Community members concerned about mask requirements for students attending in-person classes in the Palm Springs Unified School District (PSUSD) made their concerns known Tuesday evening. There’s little chance their efforts will bring about change.
Eight speakers appeared before the Board during the public comment period of its regular monthly meeting. Half reported living outside the district. None said they currently have children enrolled in its schools. Unlike a July 20 meeting of the Desert Sands Unified School District in La Quinta, commenters, while passionate about issues they brought up, made no efforts to disrupt the meeting.
“I grew up in this district, so this is very personal for me,” said one Palm Springs resident who spoke to Board members. “I had enrolled my children in this district, but I pulled them from the district when I saw the writing on the wall. Please just think about sending the recommendations back to the governor, as long as he’s still employed. Make it so that it’s not mandatory to make kids wear masks.
“It’s not scientific to make kids wear masks. It’s indoctrinated child abuse to put something over a kid’s face.”
At issue for her and the other speakers are state requirements that students in grades K-12 wear masks to begin the school year to protect them from possible COVID-19 transmission. Aside from claiming those requirements are abusive, speakers Tuesday evening alleged that masks cause breathing issues and other health problems. They also asserted that vaccines are not necessary for school-aged children and are so far not proven to work.
“There are 75 million kids between zero and 18 years old in America,” said John Parker. “In the last one-and-a-half years there have only been 400 deaths in that age range, and yet we’re going to require children to wear masks. Even worse would be to vaccinate them with what is really an experimental drug. It’s not really a vaccine. It hasn’t been approved.”
There is no reliable medical evidence to support claims that wearing masks causes immediate or long-term health issues for children. And while data reported by the Centers for Disease Control and Prevention (CDC) supports the fatality totals touted by Parker, the growing percentage of children becoming infected with COVID-19 is concerning experts. In May, the American Academy of Pediatrics said that children now represent more than 22 percent of new COVID-19 cases in states that release data by age. This time last year, they accounted for only three percent of the cases.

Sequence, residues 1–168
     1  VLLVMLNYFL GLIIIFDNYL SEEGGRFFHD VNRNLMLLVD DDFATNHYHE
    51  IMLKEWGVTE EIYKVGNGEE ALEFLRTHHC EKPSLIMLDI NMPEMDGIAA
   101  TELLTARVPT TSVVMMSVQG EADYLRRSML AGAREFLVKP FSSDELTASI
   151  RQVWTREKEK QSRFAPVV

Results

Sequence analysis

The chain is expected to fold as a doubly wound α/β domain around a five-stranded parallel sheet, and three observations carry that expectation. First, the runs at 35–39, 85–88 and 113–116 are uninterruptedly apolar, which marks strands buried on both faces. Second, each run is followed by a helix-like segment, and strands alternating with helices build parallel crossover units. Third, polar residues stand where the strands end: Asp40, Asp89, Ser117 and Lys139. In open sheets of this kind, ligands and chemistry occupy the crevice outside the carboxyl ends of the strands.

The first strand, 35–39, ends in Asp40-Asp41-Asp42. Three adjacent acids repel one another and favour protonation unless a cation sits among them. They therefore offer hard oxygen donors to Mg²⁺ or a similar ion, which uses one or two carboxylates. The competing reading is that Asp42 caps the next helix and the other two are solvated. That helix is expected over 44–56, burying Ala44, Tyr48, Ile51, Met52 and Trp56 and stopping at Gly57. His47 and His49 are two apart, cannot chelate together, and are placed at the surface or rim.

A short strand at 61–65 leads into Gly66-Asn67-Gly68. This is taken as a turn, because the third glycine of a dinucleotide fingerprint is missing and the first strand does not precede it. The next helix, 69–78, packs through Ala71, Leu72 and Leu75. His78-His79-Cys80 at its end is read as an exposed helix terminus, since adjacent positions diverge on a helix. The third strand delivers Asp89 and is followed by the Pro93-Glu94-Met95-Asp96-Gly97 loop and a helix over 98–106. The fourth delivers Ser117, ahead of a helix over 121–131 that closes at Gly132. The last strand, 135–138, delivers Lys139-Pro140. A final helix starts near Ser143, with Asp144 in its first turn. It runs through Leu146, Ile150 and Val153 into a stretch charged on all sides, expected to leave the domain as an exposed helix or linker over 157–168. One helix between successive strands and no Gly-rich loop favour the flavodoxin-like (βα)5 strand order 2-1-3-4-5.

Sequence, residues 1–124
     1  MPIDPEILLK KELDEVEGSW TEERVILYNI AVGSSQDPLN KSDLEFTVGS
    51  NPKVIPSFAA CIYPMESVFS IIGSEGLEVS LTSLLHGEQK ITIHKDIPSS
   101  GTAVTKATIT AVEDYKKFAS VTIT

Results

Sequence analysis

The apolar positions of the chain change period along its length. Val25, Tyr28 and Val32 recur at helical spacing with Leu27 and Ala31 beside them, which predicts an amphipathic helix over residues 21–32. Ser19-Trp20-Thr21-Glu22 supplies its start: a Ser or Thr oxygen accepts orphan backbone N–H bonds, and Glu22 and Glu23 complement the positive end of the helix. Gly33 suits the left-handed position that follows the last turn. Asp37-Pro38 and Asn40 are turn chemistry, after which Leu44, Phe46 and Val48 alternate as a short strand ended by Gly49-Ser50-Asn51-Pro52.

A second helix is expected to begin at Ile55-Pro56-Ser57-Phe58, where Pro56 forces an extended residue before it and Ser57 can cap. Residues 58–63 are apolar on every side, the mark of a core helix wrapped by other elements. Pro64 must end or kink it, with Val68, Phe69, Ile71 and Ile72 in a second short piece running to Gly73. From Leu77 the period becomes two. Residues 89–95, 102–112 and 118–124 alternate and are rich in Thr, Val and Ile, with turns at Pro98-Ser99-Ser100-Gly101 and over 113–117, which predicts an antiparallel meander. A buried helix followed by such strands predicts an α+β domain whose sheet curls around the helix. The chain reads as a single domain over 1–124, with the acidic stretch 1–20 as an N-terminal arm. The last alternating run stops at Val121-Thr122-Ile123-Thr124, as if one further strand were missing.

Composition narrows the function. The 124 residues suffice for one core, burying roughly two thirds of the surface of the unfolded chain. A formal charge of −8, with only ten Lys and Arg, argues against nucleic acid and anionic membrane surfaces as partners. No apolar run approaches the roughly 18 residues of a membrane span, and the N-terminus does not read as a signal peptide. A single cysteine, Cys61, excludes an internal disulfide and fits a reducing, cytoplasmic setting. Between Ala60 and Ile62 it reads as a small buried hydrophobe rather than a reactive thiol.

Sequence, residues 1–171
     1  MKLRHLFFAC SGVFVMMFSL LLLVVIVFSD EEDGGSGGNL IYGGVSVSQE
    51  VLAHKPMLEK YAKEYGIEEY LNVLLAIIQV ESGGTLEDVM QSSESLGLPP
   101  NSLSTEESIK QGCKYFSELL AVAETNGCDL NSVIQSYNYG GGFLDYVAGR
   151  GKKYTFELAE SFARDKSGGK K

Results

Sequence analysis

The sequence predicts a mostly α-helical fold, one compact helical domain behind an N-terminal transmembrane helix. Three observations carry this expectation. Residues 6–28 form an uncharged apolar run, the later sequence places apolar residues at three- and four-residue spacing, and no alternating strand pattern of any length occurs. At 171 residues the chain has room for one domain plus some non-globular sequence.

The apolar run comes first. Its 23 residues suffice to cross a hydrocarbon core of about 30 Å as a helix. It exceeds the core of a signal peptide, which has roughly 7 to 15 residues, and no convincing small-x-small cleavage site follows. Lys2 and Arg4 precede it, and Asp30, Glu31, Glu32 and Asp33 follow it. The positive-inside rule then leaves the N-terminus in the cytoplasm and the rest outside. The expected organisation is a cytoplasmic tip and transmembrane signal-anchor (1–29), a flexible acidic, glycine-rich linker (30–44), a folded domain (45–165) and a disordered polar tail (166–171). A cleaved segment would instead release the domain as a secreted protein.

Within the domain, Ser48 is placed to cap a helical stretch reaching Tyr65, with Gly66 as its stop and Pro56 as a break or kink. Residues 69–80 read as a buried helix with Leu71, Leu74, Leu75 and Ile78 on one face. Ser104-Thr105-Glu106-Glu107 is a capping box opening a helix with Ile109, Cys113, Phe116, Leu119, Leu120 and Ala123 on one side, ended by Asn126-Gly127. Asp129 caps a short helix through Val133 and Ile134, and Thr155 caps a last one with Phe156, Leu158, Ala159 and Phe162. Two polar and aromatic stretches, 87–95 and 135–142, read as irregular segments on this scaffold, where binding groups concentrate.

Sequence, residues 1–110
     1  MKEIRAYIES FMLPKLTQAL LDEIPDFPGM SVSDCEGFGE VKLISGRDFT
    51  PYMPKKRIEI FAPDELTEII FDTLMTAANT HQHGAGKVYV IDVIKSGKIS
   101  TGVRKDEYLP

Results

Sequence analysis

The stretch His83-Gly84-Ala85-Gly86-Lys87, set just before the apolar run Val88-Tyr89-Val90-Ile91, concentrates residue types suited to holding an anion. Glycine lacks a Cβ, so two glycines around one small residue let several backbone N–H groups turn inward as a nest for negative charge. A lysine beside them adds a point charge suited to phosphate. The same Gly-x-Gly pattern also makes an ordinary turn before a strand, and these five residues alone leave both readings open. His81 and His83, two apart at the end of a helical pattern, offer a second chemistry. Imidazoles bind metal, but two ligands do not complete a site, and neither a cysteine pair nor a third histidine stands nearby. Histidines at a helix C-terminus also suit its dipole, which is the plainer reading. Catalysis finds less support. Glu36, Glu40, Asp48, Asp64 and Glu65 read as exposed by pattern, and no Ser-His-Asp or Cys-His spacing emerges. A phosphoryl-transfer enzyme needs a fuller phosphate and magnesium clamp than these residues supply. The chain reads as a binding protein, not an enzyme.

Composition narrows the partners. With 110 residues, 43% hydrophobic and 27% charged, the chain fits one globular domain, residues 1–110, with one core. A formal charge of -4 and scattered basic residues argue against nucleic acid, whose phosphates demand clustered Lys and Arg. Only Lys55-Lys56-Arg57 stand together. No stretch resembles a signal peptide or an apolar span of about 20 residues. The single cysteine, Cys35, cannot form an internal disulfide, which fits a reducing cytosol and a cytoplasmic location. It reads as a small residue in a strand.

In addition, reports in medical journals, which the CDC has supported, show available vaccines, while still listed as “authorized” and not “approved” by the Food and Drug Administration, are up to 95 percent effective in preventing COVID-19 in those without prior infection.
School Board members thanked the speakers for their input, saying they are always welcome at their meetings. They did not offer any comments of their own, citing meeting rules that prevent them from discussing topics addressed during public comments. No matter what the Board members may think about the issue, however, the state mandate is firmly in place.
“At the outset of the new year, students should be able to walk into school without worrying about whether they will feel different or singled out for being vaccinated or unvaccinated,” California Health and Human Services Secretary Mark Ghaly said last week in announcing the requirements. “[T]reating all kids the same will support a calm and supportive school environment.”
On Tuesday, the CDC reversed its earlier recommendations for the general public, saying that fully vaccinated adults and children should wear masks indoors in areas with "high" or "substantial" COVID-19 transmission. Palm Springs and Riverside County officials have not called for mandated indoor mask usage again in public buildings and private businesses. Still, some business owners in the city are asking everyone entering their stores to wear masks. Many say they do not want to take any chance of COVID-19 transmission.